Noah Peterson: A town hall Knightmare

Congressman Steve Knight talks with constituents following a town hall at Canyon High School on Thursday, June 1, 2017. Katharine Lotze/The Signal
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Congressman Steve Knight held a town hall here in Santa Clarita on June 1. For those unfamiliar with Knight, he is a member of the U.S. House of Representatives. He sits on several committees, including the House Armed Services Committee.

He’s an Army veteran, husband and father. He represents the Santa Clarita, Antelope and Simi valleys. Oh, and he’s a Republican.

I decided to attend. I had never been to a town hall before, but based on what I’d seen on TV, I thought I knew what to expect. I wanted to hear the congressman’s views and the opinions of those opposing him.

I was not prepared for what I saw.

I knew that stoning still occurred in certain parts of the world; I just didn’t know it happened in the Santa Clarita Valley. This was a verbal stoning. Audience members didn’t throw rocks – they hurled words.

The shouting began just after Congressman Knight started speaking. He was ambushed. I could already tell this was not going to be a meaningful discussion of alternative perspectives.

From this audience, I would hear no real dialogue, no thoughtful opinions, no cogent arguments. There would be no civility, no decorum, no consideration.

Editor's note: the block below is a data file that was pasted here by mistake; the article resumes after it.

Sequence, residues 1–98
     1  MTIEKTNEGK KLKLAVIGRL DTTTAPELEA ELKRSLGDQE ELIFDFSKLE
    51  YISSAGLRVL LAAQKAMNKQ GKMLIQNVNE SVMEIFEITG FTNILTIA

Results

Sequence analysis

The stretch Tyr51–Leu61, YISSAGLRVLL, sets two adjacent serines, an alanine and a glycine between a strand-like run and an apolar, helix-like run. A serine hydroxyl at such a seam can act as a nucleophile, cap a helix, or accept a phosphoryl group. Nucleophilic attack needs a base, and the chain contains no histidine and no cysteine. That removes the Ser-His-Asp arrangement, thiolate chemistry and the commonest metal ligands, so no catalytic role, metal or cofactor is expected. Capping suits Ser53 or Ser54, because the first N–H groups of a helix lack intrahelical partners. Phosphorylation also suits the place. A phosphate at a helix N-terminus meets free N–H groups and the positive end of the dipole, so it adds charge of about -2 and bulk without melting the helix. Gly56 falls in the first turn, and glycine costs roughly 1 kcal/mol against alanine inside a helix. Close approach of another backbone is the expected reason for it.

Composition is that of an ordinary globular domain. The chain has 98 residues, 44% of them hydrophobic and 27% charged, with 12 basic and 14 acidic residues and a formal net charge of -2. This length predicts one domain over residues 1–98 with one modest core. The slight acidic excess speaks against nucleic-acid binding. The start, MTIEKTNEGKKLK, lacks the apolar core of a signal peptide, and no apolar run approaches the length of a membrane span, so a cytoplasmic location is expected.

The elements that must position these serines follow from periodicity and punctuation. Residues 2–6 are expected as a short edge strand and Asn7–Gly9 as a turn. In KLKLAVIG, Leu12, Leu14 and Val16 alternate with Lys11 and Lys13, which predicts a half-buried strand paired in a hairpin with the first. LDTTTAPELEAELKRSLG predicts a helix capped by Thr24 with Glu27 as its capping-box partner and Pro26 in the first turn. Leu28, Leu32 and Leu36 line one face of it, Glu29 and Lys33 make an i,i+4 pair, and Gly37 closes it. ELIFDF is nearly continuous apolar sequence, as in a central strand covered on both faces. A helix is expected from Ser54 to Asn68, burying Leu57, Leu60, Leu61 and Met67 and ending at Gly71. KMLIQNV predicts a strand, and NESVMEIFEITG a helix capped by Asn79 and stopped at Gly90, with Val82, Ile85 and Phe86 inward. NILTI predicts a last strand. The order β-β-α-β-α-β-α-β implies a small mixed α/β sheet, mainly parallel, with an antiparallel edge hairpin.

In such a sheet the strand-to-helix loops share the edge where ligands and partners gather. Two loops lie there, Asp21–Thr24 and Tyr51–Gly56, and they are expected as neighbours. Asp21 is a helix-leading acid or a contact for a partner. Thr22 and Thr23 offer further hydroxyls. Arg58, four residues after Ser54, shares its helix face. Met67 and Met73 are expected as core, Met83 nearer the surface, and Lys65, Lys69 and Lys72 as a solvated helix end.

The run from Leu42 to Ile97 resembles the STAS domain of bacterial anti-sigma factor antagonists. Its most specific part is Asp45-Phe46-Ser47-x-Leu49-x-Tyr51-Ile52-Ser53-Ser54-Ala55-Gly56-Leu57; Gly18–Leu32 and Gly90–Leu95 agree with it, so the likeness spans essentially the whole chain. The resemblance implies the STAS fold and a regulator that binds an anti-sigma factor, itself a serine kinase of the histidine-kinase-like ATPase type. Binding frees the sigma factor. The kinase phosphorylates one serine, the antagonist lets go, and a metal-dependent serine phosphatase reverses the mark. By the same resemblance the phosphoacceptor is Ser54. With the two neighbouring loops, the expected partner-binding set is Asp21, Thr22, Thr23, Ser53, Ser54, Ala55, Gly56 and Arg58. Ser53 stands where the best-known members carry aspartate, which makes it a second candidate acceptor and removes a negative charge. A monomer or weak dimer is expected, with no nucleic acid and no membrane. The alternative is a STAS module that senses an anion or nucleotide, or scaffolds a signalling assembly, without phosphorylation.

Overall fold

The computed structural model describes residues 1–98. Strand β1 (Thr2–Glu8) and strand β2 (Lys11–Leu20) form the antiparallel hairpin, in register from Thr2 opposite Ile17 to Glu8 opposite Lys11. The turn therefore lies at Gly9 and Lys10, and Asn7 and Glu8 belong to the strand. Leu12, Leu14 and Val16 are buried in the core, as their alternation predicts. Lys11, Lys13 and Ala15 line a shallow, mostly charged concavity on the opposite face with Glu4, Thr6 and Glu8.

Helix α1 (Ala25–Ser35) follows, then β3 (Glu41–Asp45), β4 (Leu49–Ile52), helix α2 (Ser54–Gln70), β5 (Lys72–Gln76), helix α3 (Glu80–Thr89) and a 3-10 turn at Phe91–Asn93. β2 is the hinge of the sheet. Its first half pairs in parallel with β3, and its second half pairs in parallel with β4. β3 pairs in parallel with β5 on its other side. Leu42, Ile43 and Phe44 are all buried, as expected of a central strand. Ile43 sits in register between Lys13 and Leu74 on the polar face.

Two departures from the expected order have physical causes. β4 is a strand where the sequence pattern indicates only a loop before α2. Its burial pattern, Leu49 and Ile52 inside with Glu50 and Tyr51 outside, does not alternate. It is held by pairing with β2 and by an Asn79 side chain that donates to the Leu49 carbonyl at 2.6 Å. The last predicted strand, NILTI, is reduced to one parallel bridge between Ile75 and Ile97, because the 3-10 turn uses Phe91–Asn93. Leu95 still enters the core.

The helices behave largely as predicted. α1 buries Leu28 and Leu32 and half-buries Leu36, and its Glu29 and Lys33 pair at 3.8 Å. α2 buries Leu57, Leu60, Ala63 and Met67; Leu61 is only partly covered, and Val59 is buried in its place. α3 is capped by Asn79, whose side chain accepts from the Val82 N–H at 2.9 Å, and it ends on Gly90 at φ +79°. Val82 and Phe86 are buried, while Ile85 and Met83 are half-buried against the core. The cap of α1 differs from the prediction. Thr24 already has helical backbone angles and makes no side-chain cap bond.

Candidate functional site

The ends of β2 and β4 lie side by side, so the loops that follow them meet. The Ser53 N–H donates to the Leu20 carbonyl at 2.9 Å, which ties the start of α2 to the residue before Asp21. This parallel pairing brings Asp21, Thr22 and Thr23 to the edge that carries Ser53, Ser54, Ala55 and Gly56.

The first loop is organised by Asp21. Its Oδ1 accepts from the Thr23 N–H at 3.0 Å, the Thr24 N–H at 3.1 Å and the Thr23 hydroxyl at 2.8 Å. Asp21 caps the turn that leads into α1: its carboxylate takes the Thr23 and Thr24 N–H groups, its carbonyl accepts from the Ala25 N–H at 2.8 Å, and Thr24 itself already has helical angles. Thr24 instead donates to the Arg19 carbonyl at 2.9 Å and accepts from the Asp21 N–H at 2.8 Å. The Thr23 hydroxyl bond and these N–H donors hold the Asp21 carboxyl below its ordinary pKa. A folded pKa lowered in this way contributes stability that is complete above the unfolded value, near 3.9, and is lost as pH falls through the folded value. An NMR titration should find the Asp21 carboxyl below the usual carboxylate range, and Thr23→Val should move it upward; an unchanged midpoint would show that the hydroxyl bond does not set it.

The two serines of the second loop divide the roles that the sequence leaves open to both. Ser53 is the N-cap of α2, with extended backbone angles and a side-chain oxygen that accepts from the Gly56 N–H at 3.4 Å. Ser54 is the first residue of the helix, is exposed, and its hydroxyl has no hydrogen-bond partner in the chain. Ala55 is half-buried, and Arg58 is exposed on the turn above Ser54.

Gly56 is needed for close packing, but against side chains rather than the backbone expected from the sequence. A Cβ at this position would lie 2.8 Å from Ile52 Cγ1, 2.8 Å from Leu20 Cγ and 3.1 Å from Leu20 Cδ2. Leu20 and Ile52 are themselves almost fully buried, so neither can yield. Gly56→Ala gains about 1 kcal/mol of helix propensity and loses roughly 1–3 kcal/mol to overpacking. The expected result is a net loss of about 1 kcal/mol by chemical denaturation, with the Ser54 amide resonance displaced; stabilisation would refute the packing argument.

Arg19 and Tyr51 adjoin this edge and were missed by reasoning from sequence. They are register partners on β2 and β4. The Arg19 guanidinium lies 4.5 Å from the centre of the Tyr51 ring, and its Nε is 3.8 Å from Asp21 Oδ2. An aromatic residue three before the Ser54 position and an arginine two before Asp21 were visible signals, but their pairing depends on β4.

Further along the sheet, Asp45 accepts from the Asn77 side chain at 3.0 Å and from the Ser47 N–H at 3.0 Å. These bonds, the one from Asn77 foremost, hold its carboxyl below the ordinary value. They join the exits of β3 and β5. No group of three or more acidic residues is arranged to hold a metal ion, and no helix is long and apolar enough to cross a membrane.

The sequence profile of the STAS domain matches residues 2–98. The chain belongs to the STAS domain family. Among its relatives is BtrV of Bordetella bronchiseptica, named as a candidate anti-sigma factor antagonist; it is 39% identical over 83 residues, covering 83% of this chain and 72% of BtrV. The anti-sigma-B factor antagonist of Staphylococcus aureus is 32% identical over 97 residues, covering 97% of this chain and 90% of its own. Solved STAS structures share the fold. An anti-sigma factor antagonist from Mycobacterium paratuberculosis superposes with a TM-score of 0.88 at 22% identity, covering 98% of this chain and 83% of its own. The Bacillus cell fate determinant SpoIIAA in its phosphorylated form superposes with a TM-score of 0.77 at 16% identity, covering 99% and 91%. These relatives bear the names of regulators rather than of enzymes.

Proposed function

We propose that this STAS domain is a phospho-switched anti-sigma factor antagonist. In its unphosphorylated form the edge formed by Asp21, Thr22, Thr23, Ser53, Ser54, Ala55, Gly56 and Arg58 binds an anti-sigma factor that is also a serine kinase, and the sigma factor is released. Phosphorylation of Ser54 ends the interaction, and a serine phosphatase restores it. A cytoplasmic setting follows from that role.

It was clear that most people were not there to listen to the congressman. They were there to yell at him, as if somehow that would change his mind. They wouldn’t let him answer the questions he was asked. Each time he tried, he was interrupted with angry shouts.

When the noise became too disruptive, he moved on. He was then met with a flurry of screams telling him to “answer the question!” This frustrating cycle repeated throughout.

The people in that room desperately wanted to voice their disdain for the congressman. They couldn’t have cared less about his answers.

The agitators wanted Congressman Knight, who remained poised and professional, to know they were angry. They were obnoxious and annoying. Rude and relentless. They had no regard for anyone else in the room.

I thought about the people new to the community who were there to learn about the issues facing their valley. They must’ve driven home wondering what in the world they just experienced … and whether it was too late to move back.

When the town hall was over, nothing had been accomplished.

Now, I could talk about free speech and the First Amendment, but what happened that day doesn’t require a constitutional analysis.

This was disrespect, plain and simple. This was rude people engaging in rude behavior. Maybe they were absent the day their parents taught manners at home, I don’t know.

Whatever happened to disagreement without disrespect? Shouldn’t the exchange of political views be done in a civil conversation, not a primitive shouting match?

Noah Peterson is a Stevenson Ranch resident.

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